4. Assemble dumplings. There is a great video on YouTube by Tipsy Waltz showing 7 different ways to wrap a dumpling:

5. Cook dumplings in your preferred method (steam, boil, deep fry or pan fry).

Boiled Green Dumplings with Spinach Noodles

Boiled Green Dumplings with Spinach Noodles and Hoisin Sauce

Pan Fried Green Dumplings

Pan Fried Green Dumplings with Garlic Worcestershire Reduction

6. If using the Garlic Worcestershire Reduction Sauce, boil first three ingredients until reduced and drizzle on sesame oil then pour on dumplings or serve on side as a dipping sauce.
7. Enjoy!!

1. So many other sauces work well with these dumplings! My daughter likes dipping her boiled dumplings into plain hoisin sauce. My mom likes her dumplings pan fried and served with a Sriracha and white sugar paste.  I prefer my pan fried dumplings drenched in a sweet and sour raw garlic and vinegar sauce (my breath stinks for days though).  What is your favorite dumpling sauce(s)?
2. My mom taught me this trick when I was still her little helper. To quickly devein shrimps, pierce the back of the shrimp with a toothpick (works better with the shell on) and then gently pull the toothpick up, perpendicular to the shrimp, pulling the entire vein out.  Growing up in a competitive household, it was always fun to see who can devein the most shrimp quickest.  It takes us about 5 seconds to devein a dozen shrimp.


3. Keep wrappers moist during assembly by covering with a moist towel.
4. Assembled dumplings can be kept for hours in the refrigerator if well wrapped and for a month or two if frozen so a great time saver is to go ahead and make a large batch and save some for another day.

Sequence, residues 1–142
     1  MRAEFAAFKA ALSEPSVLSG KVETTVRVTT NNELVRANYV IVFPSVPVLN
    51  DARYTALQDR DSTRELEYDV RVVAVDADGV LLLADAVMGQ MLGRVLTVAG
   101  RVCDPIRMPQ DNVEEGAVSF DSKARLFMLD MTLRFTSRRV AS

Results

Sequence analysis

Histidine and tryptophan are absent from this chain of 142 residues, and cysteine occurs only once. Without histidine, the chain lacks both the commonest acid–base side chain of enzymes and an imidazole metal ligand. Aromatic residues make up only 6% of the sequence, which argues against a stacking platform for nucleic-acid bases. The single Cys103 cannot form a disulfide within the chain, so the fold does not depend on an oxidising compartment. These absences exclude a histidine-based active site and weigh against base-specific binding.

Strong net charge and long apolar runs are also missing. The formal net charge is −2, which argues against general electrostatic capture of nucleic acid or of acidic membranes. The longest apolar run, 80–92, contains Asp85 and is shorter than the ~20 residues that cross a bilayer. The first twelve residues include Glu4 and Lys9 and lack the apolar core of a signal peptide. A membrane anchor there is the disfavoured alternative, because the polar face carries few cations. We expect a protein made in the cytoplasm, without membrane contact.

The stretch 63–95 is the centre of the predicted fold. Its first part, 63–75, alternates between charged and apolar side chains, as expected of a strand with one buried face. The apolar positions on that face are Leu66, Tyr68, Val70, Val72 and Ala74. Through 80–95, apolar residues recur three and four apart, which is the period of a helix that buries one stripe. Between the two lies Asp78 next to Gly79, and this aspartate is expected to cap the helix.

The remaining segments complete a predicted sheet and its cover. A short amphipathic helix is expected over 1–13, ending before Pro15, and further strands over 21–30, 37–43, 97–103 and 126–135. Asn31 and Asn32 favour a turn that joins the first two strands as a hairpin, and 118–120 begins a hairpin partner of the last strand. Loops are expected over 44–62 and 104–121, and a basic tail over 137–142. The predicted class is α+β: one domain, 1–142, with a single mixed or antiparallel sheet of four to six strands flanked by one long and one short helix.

5. Any extra meat mixture can be formed into meatballs or patties and frozen for use in other recipes.  This is partly why I omit the herbs and vegetables in the receipe- the meatballs and patties are awesome for a quick last minute meal.


Happy St. Patrick’s Day!

Go to One Pot Dinner

I’ve always loved one pot dinner recipes that don’t require a lot of work and taste great.  Well, who doesn’t?  Pre-baby days, I liked recipes that were quick to make since I often got home from work late and didn’t want to eat dinner at 9pm.  Those days, we had a lot of fried rice, pasta or bbq.  Now with baby, things have changed a bit.  You may think that being on maternity leave, I have a lot of time to cook lavious meals.  Au contraire mon ami.  You see, as my babe has gotten older, it’s become more difficult to leave her alone while she’s awake.  She’s currently 10 months old and I don’t know if it’s the separation anxiety or if she’s just a momma’s girl, but she can’t seem to be without me for more than a few minutes.  Even if I put her in a playpen next to me in the kitchen, she will only last 5 to 10 minutes before wanting me to pick her up.

2016-02-13 01.59.12

(Yes, she is playing with a water bottle and a drink tray.  Please, no judgements.)

Prior to being mobile, she was content to just sit in her chair and watch me do dishes or prep dinner.  Now, she just wants to be in constant contact with me.  These days, making dinner is an all day process.  



Most of the time, I prep the ingredients (wash and chop veggies, marinate meat, etc) during her morning nap then either cook the meal during her second nap and we have a cold or lukewarm dinner when my husband gets home from work or I wait until he gets home to look after her before I begin cooking.

This is why I like recipes that don’t require a lot of work.  I especially like ones where you put everything together in a pot or oven and walk away.  This recipe I’m sharing today is for how to cook pork shoulder for pulled pork but we just eat it as is straight out of the oven.  It’s my husband’s new favourite dish.  He loves being welcomed home by the smell of it cooking in the oven as he walks down the driveway.